The 1989 Settlement
In March 1985 the Indian Government assumed the sole power to represent the victims in the civil litigation against Union Carbide. It then filed a $3 billion compensation suit on behalf of the victims in US federal court. After four years they “settled” for an amount that was 15% of the original. However, neither side had involved the Bhopal survivors, who eventually reopened the case and part of the decision was reversed.
May 1986: The case was sent to Indian courts on the grounds that a US court is inappropriate, and under the condition that Carbide submits to the jurisdiction of Indian courts.
Carbide’s lawyers decided to delay all legal proceedings in order to squeeze the Indian government into accepting a low settlement. They:
- contested the legitimacy of the courts before which they were now required to appear
- pleaded to have ‘illiterate’ victims’ claims denied
- threatened to summon every individual survivor (rather than allow a class action suit)
- threatened to appeal all Indian decisions in US courts
- denied UCC was a multinational
- claimed the gas was not ultra-hazardous
- blamed an unnamed saboteur
- appealed court orders for humanitarian relief, while professing its concern for the victims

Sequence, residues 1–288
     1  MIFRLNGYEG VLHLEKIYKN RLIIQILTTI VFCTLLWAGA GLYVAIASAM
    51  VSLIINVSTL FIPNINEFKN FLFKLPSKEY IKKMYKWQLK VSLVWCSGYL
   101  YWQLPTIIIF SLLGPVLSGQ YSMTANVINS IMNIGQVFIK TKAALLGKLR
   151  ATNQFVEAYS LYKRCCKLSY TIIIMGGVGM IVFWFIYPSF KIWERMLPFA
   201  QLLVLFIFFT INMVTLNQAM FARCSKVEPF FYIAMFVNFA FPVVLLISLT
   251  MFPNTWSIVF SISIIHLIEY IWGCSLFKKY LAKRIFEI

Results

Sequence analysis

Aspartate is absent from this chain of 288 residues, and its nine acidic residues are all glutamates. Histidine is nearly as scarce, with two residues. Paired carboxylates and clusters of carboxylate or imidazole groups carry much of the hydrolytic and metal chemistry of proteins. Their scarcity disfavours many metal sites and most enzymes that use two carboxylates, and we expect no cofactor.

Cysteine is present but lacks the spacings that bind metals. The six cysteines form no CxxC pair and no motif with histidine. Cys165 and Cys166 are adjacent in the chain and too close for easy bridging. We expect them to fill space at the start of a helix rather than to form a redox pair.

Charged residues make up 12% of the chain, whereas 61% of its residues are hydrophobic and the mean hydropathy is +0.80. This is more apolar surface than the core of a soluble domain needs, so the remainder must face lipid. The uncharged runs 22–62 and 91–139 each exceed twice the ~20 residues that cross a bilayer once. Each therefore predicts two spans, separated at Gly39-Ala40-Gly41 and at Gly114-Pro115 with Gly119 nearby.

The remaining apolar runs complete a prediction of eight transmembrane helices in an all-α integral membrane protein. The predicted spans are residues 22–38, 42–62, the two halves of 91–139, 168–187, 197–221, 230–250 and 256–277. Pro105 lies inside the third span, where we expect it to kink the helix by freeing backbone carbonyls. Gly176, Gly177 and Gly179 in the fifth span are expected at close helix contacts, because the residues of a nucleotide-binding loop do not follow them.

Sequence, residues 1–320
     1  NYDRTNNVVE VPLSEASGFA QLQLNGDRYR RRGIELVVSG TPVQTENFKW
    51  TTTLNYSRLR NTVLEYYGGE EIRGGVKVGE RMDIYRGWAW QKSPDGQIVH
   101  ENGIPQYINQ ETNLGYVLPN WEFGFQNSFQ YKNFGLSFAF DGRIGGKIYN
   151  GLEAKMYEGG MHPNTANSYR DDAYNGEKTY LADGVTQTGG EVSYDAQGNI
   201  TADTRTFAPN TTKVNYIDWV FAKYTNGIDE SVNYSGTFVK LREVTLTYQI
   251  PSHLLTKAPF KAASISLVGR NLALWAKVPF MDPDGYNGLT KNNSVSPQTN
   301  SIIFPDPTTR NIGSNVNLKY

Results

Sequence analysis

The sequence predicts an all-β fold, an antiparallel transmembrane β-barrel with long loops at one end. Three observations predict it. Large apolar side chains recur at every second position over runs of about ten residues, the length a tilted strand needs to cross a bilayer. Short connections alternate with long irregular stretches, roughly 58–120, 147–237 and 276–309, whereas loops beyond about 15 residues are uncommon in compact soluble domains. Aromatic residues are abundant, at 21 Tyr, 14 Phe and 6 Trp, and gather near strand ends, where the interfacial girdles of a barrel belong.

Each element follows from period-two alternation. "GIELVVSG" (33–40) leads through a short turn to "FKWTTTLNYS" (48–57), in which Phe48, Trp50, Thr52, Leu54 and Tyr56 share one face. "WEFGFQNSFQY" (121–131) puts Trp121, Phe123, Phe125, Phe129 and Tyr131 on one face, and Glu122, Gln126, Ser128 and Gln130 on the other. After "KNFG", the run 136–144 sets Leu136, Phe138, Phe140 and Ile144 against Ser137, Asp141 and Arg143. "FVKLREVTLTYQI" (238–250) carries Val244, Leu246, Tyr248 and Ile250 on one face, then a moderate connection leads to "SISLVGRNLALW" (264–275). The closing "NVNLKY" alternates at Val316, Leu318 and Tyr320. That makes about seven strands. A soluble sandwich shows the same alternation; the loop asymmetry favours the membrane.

1989: Carbide and the Government of India reached a settlement of $470 million. It was made without consulting the survivors themselves. Survivors were awarded an average of $500 each in compensation, far below international compensation standards (and the standards set by Indian Railways for accidents). In exchange:
- Carbide was to be absolved of all civil liabilities.
- Criminal cases against the company and its officials were to be canceled.
- The Indian government was to defend the corporation in the event of future suits.
Many survivors found the settlement insulting. It awarded them an average of 7 cents a day for a lifetime of unimaginable suffering. At Union Carbide, by contrast, restructuring efforts landed its stakeholders a huge windfall – Carbide paid roughly 43 cents a share of its own money to settle the world’s largest industrial disaster.
April 1989: Union Carbide shareholders voted against increasing compensation to the victims. 1990-91: The Bhopal victims filed suit to overturn the settlement. The case went all the way to the Indian Supreme Court. Citing inaccurate statistics for the number of dead and injured victims, in 1991 the court ruled that the settlement amount would stand, however at the same time the court reinstates the criminal cases against Carbide, its CEO Warren Anderson, and other officials.